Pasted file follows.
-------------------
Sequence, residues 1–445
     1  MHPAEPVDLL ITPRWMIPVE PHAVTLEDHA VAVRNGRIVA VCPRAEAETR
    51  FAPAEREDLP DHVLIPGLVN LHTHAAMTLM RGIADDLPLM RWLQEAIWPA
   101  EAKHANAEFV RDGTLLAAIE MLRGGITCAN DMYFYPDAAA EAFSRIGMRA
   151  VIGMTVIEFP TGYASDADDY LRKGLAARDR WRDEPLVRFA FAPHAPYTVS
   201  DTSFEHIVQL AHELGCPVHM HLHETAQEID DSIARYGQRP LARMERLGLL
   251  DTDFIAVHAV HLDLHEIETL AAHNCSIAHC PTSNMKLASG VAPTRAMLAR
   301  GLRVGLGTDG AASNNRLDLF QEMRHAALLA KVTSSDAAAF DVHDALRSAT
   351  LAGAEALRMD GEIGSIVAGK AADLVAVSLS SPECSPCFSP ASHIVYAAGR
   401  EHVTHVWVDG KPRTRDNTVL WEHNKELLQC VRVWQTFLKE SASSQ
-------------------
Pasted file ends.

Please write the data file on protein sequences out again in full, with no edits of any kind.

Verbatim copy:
Sequence, residues 1–445
     1  MHPAEPVDLL ITPRWMIPVE PHAVTLEDHA VAVRNGRIVA VCPRAEAETR
    51  FAPAEREDLP DHVLIPGLVN LHTHAAMTLM RGIADDLPLM RWLQEAIWPA
   101  EAKHANAEFV RDGTLLAAIE MLRGGITCAN DMYFYPDAAA EAFSRIGMRA
   151  VIGMTVIEFP TGYASDADDY LRKGLAARDR WRDEPLVRFA FAPHAPYTVS
   201  DTSFEHIVQL AHELGCPVHM HLHETAQEID DSIARYGQRP LARMERLGLL
   251  DTDFIAVHAV HLDLHEIETL AAHNCSIAHC PTSNMKLASG VAPTRAMLAR
   301  GLRVGLGTDG AASNNRLDLF QEMRHAALLA KVTSSDAAAF DVHDALRSAT
   351  LAGAEALRMD GEIGSIVAGK AADLVAVSLS SPECSPCFSP ASHIVYAAGR
   401  EHVTHVWVDG KPRTRDNTVL WEHNKELLQC VRVWQTFLKE SASSQ